"Mansi": A rare book in its own way
The book is not a "lost" fiction, like Naguib Mahfouz’s recently discovered Whisper of Stars. It is, instead, one of Salih’s late-in-life non-fictions. For the most part, Mansi is a portrait of a colleague and friend who is alternately known as Michael Joseph, Mansi Yousif Bastawrous, and Ahmed Mansi Yousif. This short, potbellied man from rural Egypt had what Salih describes as “Napoleonic energy”. Yet Mansi’s enormous drive was aimed not at world domination, but rather at scams, seduction, bluster, jokes, and haggling.
Mansi appeared in Arabic in 2004, long after Salih had stopped publishing fiction. Unlike Salih’s most powerful fictions, this work does not centre around the vibrantly imagined Sudanese village Wad Hamid. That was the focus of his short stories in the early 1960s, The Wedding of Zein (1964), Season of Migration to the North (1966), and his two Bandershah novellas (1971 and 1976). Then, after the second Bandershah novella appeared, Salih never published another, though he was to live for around 30 more years.
A shift to non-fiction
In the late 1980s, Salih began to publish literary essays in the London-based journal al-Majallah. His series of “Mansi” essays was launched in 1988, a year after his friend’s death, Babikir writes in his introduction. They were finally collected together in book form sixteen years later.
Yet Mansi: A Rare Man in His Own Way does not read like a series of essays. Instead, it unfolds like a novel, with short, fast-paced chapters sometimes ending in cliffhangers, leaving the reader wondering: will Mansi get deported from the UK? Will he get Tayeb Salih fired? And what madness will he try next?
Babikir tells us, in his introduction, that many Arabic readers in fact "misread the book as a novel". It is easy to see how this might happen, since Mansi is portrayed as the sort of trickster capable of more than merely smuggling vast amounts of ladies’ underwear past Lebanese customs.
He successfully presents himself to Queen Elizabeth, marries into English nobility, and leaps up to debate MP Richard Crossman about Palestine. And Mansi apparently knew so little about Palestine that he told Salih minutes before the debate, "Stop fussing. Just tell me quickly about this Balfour Declaration and all that nonsense."
Structurally, the book has echoes of Salih’s famous Season of Migration to the North. The larger-than-life Mansi is not unlike Season’s Mustafa Saeed: an enigmatic and dominating presence. And this is also the story about the book’s narrator, in this case Tayeb Salih. We see the great author both during his years at the BBC and later, when he is working for the government of Qatar.
Yet in Mansi, unlike in Season, the relationship between narrator and subject is largely played for comic effect. They are Laurel and Hardy, Salih suggests, and it is a joy to see the author laugh.
Fondness, fascination, and irritation
Salih tells us that he met Mansi in 1953, soon after his arrival in the UK. Salih had a job at BBC Arabic, where Mansi was apparently a stringer. The pair developed a strange friendship, beginning – it seems – with Mansi’s attempt to bribe Salih with a pair of ugly socks. On Salih’s part, the relationship seems to have been part fondness, part fascination, and part irritation. Yet the friendship endured for more than three decades, despite the number of times Mansi got Salih into hot water at work, at social events, and with various governments.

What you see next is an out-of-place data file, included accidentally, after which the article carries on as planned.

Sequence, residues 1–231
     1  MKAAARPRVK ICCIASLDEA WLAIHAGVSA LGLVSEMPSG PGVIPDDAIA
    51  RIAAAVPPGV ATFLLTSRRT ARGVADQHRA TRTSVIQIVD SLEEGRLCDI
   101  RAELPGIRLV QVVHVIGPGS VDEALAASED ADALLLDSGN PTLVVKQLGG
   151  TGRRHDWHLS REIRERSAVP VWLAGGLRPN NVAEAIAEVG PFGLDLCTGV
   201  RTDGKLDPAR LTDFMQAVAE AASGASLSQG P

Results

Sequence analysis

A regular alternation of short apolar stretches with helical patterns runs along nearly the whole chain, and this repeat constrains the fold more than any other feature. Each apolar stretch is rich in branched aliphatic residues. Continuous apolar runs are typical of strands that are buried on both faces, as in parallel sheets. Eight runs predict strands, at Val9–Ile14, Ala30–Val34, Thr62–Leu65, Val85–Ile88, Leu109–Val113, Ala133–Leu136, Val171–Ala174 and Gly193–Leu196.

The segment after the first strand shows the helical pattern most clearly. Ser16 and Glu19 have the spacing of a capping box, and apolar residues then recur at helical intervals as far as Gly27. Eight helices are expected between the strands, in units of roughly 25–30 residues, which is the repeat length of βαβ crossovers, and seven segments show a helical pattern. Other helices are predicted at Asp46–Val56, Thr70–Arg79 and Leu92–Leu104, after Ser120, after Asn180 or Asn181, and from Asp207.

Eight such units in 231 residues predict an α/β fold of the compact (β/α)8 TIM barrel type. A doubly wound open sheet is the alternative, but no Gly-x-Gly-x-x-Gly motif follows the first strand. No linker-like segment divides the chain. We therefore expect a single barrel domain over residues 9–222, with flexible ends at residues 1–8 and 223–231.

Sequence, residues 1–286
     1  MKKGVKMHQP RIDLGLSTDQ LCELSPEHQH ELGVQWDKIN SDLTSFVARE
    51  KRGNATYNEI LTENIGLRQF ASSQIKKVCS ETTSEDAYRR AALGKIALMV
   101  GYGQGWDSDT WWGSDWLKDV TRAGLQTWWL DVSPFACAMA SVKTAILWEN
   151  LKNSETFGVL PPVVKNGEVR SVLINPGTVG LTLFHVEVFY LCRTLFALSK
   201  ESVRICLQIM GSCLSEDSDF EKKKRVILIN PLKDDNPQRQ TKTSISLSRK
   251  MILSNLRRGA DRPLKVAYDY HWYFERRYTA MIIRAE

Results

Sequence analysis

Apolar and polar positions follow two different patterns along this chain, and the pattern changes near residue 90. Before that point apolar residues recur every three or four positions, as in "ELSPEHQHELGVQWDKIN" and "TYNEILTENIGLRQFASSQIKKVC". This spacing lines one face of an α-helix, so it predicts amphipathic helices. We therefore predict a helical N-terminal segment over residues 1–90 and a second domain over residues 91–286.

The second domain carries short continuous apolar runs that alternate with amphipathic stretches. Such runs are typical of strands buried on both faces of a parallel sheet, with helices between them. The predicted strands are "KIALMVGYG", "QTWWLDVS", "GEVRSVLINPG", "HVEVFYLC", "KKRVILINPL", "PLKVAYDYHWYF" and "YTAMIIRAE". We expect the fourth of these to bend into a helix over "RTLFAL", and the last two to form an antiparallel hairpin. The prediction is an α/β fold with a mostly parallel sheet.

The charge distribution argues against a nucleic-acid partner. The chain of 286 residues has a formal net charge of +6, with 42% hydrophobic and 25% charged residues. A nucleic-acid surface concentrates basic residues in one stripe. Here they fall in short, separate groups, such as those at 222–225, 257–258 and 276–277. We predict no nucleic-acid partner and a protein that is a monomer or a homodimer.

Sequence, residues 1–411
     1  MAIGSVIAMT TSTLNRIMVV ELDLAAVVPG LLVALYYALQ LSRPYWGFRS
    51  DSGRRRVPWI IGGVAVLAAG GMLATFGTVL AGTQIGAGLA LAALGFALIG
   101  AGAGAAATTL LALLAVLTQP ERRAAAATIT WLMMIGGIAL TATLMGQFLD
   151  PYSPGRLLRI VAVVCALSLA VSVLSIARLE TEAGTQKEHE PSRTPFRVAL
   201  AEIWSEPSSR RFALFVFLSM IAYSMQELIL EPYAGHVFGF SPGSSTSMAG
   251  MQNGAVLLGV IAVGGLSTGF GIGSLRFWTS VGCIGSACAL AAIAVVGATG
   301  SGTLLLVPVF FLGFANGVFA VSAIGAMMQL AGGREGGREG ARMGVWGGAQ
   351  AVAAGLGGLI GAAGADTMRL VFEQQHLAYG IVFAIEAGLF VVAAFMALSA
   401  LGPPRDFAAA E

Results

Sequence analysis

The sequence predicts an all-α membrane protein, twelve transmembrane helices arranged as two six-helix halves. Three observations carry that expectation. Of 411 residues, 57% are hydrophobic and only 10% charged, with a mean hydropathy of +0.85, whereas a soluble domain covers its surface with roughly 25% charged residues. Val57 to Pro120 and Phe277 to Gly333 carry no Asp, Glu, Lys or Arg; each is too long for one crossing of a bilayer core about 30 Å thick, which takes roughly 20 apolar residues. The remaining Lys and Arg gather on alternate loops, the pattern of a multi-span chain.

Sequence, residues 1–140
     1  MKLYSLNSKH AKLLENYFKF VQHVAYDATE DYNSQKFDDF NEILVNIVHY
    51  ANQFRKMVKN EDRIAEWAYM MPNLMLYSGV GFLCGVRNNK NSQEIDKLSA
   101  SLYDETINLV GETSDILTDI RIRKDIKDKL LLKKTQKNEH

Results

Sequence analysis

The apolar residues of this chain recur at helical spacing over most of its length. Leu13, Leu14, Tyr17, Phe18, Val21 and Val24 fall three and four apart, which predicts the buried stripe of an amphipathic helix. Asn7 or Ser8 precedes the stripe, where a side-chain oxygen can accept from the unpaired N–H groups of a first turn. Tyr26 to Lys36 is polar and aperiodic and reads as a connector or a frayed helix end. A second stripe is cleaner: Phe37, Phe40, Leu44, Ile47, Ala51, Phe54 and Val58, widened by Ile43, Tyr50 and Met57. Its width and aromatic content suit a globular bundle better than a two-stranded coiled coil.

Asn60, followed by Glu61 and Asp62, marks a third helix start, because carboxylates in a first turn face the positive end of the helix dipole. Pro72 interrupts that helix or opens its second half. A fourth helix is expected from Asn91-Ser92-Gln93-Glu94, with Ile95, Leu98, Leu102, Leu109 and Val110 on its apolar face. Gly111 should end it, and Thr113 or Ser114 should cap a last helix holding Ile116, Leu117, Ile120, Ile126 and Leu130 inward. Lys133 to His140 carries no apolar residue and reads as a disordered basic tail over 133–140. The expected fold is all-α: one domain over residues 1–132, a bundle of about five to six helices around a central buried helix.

Salih describes Mansi as unattractive: "flabby, having a large potbelly and protruding bottom, which made him look more like a ball cut into two halves: upper and lower." Yet he also describes him as a womaniser, who "never lacked the company of girls, who would fall in love with him." Mansi met his first wife, a wealthy descendant of Sir Thomas More, at a gathering of the Young Conservatives. Soon, he was moving from his modest apartment into a mansion.
Yet while Salih depicts Mansi as a charming storyteller, his friend apparently could not channel his imagination into art. Mansi played minor roles in films, and he was endlessly trying to use his connections to seize something larger.
"Had he had the slightest acting talent," Salih writes, "these connections could certainly have taken him to stardom. He was definitely a talented actor on life’s stage, but in art, it was a different story. Once placed in front of a microphone or camera, he would become ridiculously shy or over-react."
Mansi also wrote plays, which Salih found "dull and lifeless". And yet Mansi managed to worm his way into the inner circle of no less than Irish Nobel laureate Samuel Beckett. Salih seems almost envious as he writes: "What did Samuel Beckett find in Mansi?" Salih suggests that Beckett "might have found [in Mansi’s writings] something attractive, just as great painters would sometimes find appealing features in children’s drawings."
We can’t judge for ourselves, since Mansi apparently never published his literary works. Nor does his name turn up in a cursory search of the British press. This is a disappointment, considering the number of high-profile scrapes he seems to have been in. Mansi goes so far as to claim Princess Margaret fell for him, and one almost expects to find him in an episode of The Crown.
This book is neither as mysterious nor as intricately constructed as Season or Bandershah. But it makes for a fast, joyful read, while also illuminating parts of the Arab diaspora in the 1960s and ‘70s. Yet at the end, Salih reaches not toward his or Mansi’s life in the UK, but toward a future where exile is ended.
He says, with a folktale-like lyricism, that he hopes for a time when "migrating birds will return to their nests and nights will be thrilling and amusing again[.]" The book’s last wish is for conflicts in Lebanon and Sudan to end, and especially for a return to Palestine.
Marcia Lynx Qualey
© Qantara.de 2021